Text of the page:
Meltdown by Chris Clearfield and Andras Tilcsik
Meltdown analyzes how disasters in the transportation, medical and nuclear sectors often share common causes. The book combines real-life stories and social science research to explain how the ever-increasing complex systems we rely on are making it harder for our brains to keep up.
Meltdown won the $30,000 National Business Book Award.
Indigenous Nationals, Canadian Citizens by Thomas J. Courchene
Queen's University economics professor Thomas J. Courchene's book looks at the history of Indigenous and non-Indigenous relations over the past 150 years.
Indigenous Nationals, Canadian Citizens won the Donner Prize, a $50,000 prize for the best Canadian book on public policy.
Rachel Giese, a journalist from Toronto, delves into cultural norms around masculinity in her book and the ways it's shifted over time. As the mother of a young boy, Giese uses historical, sociological and psychological research to understand how she can help her son develop healthy relationships as he grows up.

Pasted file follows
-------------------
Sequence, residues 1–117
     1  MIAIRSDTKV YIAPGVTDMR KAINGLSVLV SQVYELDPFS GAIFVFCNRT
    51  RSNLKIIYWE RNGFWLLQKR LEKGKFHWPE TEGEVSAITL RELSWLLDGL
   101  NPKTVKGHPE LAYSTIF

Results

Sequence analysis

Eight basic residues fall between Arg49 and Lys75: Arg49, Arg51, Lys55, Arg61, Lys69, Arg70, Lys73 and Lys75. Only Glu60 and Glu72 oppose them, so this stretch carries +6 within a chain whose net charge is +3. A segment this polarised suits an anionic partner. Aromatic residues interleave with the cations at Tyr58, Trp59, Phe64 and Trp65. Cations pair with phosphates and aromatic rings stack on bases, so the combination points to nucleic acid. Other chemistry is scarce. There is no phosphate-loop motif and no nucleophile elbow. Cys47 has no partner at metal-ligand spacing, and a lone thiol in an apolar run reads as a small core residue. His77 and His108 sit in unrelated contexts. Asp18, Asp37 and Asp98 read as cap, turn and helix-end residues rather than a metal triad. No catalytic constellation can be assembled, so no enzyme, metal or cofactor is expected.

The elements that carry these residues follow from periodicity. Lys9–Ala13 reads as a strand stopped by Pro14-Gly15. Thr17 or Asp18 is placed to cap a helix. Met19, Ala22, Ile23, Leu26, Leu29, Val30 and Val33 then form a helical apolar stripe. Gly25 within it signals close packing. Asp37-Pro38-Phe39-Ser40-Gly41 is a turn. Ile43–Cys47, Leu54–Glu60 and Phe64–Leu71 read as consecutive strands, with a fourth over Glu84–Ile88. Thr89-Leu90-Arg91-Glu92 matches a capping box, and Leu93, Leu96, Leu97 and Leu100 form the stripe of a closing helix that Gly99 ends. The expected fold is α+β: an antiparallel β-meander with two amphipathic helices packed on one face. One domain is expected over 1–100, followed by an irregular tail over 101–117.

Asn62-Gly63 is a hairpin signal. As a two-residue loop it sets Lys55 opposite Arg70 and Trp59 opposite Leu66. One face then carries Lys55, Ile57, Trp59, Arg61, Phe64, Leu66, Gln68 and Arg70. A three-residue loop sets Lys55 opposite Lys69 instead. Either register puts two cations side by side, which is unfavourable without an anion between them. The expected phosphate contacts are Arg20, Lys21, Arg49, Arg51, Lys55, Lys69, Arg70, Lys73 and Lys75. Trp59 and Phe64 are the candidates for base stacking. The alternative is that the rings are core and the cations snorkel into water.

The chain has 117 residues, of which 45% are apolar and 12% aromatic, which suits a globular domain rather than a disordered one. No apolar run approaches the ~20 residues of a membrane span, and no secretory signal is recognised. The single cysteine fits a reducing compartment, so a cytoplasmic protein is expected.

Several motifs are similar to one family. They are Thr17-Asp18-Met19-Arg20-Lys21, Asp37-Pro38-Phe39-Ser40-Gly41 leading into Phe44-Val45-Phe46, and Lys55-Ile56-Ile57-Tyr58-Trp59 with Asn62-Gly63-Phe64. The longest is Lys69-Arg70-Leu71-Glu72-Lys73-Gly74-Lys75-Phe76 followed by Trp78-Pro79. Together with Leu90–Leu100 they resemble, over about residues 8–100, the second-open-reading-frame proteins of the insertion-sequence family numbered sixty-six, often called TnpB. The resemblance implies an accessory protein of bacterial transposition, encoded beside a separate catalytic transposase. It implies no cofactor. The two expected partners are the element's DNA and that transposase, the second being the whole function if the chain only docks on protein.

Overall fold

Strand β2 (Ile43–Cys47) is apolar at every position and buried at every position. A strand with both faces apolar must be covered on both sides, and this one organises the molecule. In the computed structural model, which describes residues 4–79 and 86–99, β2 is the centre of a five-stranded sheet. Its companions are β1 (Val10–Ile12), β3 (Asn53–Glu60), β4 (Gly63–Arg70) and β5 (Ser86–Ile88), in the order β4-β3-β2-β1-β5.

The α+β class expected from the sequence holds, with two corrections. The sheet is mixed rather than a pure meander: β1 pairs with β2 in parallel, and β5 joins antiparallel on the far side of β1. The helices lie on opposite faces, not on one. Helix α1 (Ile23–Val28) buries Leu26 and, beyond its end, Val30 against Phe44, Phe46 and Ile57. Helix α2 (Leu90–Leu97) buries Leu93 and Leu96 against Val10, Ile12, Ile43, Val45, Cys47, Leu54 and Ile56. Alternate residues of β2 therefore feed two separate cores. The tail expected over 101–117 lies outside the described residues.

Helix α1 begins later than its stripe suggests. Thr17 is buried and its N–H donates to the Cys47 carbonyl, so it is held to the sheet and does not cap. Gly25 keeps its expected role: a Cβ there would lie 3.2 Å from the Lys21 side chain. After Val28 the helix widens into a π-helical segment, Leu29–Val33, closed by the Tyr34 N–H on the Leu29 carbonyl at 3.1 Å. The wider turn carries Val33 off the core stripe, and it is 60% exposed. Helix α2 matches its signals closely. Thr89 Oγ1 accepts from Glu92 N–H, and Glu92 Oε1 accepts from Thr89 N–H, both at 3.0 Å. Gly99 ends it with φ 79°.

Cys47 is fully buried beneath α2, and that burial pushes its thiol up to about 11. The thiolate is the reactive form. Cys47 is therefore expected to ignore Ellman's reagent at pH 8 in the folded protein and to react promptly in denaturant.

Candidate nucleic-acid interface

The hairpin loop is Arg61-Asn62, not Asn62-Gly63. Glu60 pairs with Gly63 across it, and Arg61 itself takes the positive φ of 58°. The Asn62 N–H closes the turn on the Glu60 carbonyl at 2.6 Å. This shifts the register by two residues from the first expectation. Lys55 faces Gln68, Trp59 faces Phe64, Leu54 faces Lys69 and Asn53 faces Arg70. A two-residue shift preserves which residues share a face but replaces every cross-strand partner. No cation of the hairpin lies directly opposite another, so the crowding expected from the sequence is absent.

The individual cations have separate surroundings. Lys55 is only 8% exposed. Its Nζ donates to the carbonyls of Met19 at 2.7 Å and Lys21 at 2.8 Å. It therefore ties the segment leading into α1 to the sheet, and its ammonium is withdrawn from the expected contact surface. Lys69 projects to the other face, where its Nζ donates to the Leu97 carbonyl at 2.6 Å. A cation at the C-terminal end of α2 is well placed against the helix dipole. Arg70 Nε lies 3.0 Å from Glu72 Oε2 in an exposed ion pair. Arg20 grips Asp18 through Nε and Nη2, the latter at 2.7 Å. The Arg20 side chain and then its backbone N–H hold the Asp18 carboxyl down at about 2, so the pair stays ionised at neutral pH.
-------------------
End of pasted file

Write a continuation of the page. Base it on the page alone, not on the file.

Kate Harris's book chronicles her 10-month cycling trip on the ancient Silk Road, a 10,000 km journey that took her and her travel companion through 10 countries. Along the journey, Harris explores the political, cultural and environmental history of the places and people she encounters, weaving in personal anecdotes that inform her perspective as a contemporary explorer.
Sports journalist Cathal Kelly's memoir, Boy Wonders, uses humour to describe his hardscrabble upbringing in a single-parent household during the 1970s and 1980s in Toronto's west end.
Politicized Microfinance by Caroline Shenaz Hossein
Caroline Shenaz Hossein's book explores microbanking in Grenada, Guyana, Haiti, Jamaica and Trinidad, revealing how social, historical and political prejudices have hampered its success as a tool of financial development for low-income individuals and communities.
Politicized Microfinance won the Suraj Mal and Shyama Devi Agarwal Book Prize, which is given biennially to a book in the field of feminist economics.